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(esp in brewing) a mixture of mashed malt grains and hot water, from which malt is extracted



the residue of alcoholic production by distillation of grain, potatoes, or molasses. Mash contains 92–94 percent water and 6–8 percent dry matter. It is used as fodder for animals in its fresh, dried, and ensiled states. The nutritional value of fresh mash ranges from 3.2 (potato mash) to 12.2 (corn mash) feed units and from 0.6 to 1.7 kg of digestible protein per 100 kg of feed. Dry mash has 60.2–102 food units and 12.6–14.9 kg of digestible protein. Fresh mash is generally fed in a mixture with threshed fodder; adult meat cattle get 70–80 liters (I) per head a day, younger animals 40–50 I, dairy cows no more than 30 I, and work horses 12–18 I. Chalk (30–50 g per head) is added to mash to neutralize the lactic and acetic acid. Mash is preserved by freezing, ensiling, and drying. It is ensiled in a mixture with threshed fodder and is fed to meat and dairy cows. Dried mash keeps well and transports readily. In animal rations mash can replace part of the concentrates.


(food engineering)
Mixture of grain and other ingredients fermented to produce whiskey.
Malted barley or other grain mixed with water to prepare wort for brewing operations.

mash hammer, mash

In stoneworking, a short-handled heavy hammer with two round or octagonal faces.

M ° A ° S ° H

bitter farce on bungling bureaucracy in a Korean Army hospital. [Am. Cinema and TV: Halliwell, 474–475]


medical farce on the horrors of war. [Am. Cinema and TV: Halliwell, 474]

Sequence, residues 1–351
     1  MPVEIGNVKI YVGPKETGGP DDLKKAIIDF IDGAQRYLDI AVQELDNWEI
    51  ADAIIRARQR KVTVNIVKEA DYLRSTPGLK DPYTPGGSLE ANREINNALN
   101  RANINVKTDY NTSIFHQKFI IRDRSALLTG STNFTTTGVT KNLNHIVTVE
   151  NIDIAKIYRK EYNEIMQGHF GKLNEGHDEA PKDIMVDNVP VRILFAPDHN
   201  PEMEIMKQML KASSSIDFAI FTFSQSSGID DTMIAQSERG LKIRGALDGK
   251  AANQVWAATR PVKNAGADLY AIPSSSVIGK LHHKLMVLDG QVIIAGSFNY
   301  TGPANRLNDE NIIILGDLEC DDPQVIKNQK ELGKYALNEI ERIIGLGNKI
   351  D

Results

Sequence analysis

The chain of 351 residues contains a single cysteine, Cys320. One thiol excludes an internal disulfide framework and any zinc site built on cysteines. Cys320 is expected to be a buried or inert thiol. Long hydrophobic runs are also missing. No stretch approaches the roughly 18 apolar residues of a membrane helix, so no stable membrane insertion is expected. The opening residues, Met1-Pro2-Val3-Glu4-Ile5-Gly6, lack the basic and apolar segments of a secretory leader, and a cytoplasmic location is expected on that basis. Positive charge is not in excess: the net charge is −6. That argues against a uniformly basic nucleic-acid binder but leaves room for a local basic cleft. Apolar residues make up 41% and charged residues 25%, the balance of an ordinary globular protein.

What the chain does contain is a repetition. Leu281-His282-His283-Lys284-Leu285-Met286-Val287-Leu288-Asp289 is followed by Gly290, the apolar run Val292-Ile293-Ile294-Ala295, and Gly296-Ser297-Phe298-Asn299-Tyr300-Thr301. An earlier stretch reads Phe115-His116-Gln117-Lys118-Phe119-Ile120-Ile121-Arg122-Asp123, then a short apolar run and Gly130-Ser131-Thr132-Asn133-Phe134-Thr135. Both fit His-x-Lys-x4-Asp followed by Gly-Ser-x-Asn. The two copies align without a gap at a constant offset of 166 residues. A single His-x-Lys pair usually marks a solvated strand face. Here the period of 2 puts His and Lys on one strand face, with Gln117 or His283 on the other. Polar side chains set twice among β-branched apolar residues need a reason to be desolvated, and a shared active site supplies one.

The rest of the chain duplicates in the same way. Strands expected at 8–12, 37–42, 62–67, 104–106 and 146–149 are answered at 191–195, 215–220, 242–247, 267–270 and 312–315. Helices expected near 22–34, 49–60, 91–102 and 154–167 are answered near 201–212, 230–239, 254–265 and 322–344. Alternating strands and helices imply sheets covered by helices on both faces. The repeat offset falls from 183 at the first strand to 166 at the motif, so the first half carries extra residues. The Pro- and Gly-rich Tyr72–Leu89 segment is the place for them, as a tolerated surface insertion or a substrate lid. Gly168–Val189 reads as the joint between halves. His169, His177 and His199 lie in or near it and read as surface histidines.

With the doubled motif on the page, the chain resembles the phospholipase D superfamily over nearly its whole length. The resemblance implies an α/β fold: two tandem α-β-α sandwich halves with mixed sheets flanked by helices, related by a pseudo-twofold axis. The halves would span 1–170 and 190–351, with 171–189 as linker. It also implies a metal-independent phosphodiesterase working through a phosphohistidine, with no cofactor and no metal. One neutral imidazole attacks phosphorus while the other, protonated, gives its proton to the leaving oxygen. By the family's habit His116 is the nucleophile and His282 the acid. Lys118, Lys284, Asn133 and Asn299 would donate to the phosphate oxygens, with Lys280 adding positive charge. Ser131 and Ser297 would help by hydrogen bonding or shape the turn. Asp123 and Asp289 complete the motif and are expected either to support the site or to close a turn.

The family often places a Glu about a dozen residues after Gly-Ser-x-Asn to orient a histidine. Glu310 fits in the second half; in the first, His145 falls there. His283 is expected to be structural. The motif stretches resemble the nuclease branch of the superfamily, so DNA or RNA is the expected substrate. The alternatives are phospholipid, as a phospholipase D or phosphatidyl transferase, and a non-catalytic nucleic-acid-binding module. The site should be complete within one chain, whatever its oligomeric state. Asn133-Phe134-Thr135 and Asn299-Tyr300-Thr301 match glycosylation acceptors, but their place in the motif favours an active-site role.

See: Satire
References in periodicals archive ?
Brutal and yet funny, the Mobile Army Surgical Hospital was officially set in Korea but could easily have been Vietnam.
As the womanizing, off-the-wall commanding officer of the 4077th Mobile Army Surgical Hospital, Stevenson created an endearing character that won him a 1973 Golden Globe Award.
The soldier was flown to the 212th mobile Army surgical hospital nearby, where he was pronounced dead, Donovan said.
THE 1973-84 hit was set in a Mobile Army Surgical Hospital.
The introduction of penicillin and antibiotics in World War II meant only 10 percent died of disease, and during the Korean War, the military stood up the Mobile Army Surgical Hospitals of "M*A*S*H" fame.
Mobile Army Surgical Hospitals were made famous in much-loved TV comedy show M*A*S*H, starring Alan Alda.
During that time, the operating room was only available at the division rear area from combat support hospitals (CSHs) and mobile army surgical hospitals (MASHs).
Instead, they transported the wounded, often by helicopter, to nearby Mobile Army Surgical Hospitals, now universally known as MASH units.

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